They do everything extremely fast, which is, is all the charm to New York. And that's why you want to be in New York. That's what you wanna get out of New York. But, um, for many people, I, there comes a stage in their lives when they, they say, Okay, well, uh, do I have to sacrifice all my balance for, for, for this? And um, and for me that, you know, that, that happened a couple years ago and that's why I decided to move back to London, which is still a fast paced city. Lots going on, but a lot more widespread. Uh, and a lot more balanced. So the, the last thing I'll say on London to to big it up is it's got so much to offer it and it's difficult to experience that on like, um, a one off. I'm trying to experience London as a whole. So it's, it's a very widespread city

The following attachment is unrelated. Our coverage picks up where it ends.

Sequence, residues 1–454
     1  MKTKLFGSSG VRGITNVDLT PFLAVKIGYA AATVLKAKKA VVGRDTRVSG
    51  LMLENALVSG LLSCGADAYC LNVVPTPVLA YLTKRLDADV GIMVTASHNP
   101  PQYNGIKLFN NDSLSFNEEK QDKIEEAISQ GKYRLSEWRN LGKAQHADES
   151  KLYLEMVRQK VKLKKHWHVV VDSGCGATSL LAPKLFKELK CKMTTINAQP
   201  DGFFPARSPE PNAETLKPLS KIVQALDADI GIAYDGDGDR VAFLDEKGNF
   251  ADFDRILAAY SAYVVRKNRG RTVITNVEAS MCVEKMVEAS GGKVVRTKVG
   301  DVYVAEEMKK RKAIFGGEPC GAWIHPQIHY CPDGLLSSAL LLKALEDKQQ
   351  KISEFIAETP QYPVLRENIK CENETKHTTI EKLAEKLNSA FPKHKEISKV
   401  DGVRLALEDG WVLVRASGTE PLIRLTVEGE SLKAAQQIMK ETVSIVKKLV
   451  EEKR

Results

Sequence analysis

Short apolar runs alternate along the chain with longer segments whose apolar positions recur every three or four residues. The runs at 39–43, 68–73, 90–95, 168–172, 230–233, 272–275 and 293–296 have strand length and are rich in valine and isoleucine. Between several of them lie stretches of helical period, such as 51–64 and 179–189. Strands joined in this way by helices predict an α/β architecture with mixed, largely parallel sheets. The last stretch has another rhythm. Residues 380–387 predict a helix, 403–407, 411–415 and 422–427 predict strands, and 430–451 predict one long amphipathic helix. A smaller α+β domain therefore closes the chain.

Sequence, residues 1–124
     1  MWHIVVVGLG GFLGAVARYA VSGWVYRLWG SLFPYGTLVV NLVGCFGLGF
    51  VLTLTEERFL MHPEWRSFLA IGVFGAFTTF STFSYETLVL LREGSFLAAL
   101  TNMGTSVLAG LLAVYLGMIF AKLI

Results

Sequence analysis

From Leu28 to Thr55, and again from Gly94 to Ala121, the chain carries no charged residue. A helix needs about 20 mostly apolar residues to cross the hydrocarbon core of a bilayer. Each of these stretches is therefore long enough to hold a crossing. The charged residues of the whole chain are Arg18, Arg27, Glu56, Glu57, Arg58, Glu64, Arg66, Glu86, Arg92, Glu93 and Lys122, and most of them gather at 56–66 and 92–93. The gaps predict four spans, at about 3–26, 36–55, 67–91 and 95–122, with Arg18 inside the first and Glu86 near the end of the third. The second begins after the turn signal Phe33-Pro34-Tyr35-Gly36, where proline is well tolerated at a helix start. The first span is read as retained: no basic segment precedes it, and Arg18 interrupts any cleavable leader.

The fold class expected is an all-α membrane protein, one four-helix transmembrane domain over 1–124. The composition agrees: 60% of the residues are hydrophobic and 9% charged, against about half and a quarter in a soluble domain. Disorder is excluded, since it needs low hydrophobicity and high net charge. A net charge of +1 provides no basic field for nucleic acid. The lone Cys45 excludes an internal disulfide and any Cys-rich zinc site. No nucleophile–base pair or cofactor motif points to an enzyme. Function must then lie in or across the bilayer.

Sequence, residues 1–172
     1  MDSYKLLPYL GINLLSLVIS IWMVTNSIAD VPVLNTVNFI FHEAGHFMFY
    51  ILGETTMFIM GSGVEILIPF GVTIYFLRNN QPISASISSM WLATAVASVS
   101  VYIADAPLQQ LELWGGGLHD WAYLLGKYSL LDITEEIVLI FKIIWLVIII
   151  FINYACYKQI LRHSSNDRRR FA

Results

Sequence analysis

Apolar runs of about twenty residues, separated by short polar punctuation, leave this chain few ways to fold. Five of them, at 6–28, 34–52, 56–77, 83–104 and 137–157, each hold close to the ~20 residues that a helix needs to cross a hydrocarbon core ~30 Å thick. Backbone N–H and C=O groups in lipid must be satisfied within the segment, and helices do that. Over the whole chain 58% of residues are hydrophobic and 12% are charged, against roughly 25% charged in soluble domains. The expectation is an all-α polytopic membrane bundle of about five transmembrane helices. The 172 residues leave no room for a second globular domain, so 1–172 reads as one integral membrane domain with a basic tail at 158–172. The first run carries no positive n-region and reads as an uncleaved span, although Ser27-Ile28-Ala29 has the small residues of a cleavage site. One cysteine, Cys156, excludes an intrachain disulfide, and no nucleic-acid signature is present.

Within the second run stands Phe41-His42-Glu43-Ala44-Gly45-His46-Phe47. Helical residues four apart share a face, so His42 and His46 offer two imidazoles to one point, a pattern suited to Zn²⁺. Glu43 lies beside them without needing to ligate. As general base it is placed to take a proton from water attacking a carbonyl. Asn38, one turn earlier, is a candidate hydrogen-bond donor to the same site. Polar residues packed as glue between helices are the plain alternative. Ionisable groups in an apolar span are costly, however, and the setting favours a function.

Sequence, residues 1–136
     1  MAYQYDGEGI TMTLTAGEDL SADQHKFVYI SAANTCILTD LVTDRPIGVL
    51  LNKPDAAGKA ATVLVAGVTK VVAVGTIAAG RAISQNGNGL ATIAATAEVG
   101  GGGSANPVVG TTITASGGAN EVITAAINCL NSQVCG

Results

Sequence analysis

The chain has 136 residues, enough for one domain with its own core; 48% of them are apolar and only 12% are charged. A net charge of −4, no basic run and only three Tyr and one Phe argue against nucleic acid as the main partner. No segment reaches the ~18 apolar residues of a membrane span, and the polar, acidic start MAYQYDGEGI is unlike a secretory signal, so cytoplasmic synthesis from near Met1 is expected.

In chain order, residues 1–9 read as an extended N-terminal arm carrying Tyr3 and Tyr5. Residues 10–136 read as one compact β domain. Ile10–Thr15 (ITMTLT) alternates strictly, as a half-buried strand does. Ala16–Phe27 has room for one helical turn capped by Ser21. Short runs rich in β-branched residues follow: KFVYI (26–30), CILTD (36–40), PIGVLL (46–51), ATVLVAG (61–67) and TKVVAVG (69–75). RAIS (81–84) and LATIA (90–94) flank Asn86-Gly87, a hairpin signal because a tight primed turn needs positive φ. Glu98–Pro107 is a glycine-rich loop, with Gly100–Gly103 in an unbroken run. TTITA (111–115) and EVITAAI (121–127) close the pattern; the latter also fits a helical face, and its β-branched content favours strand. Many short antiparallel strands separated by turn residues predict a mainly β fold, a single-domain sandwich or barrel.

Rabah Rahil (05:21):

That I will give you. I think that was also something that I didn't really recognize where, um, somebody's telling me it's also, it's almost like two X New York, which is like bananas to me. Cause New York is just such a massive metropolis. And so that's fair. And maybe that's what it was where, uh, I really wanted to live in my bubble of like, you know, 30, 45 minute walk from where I was staying. Um, so that's fair. I did get to go see, So Soho district was cool. I got to go to the, so the OG soho house, that was really cool. You guys love your little kind of clubs. So a friend of mine had a, I think it was a homegrown club, like these just little kind of very inconspicuous houses. And you go in them and they're just like, these just gorgeous plaster everywhere.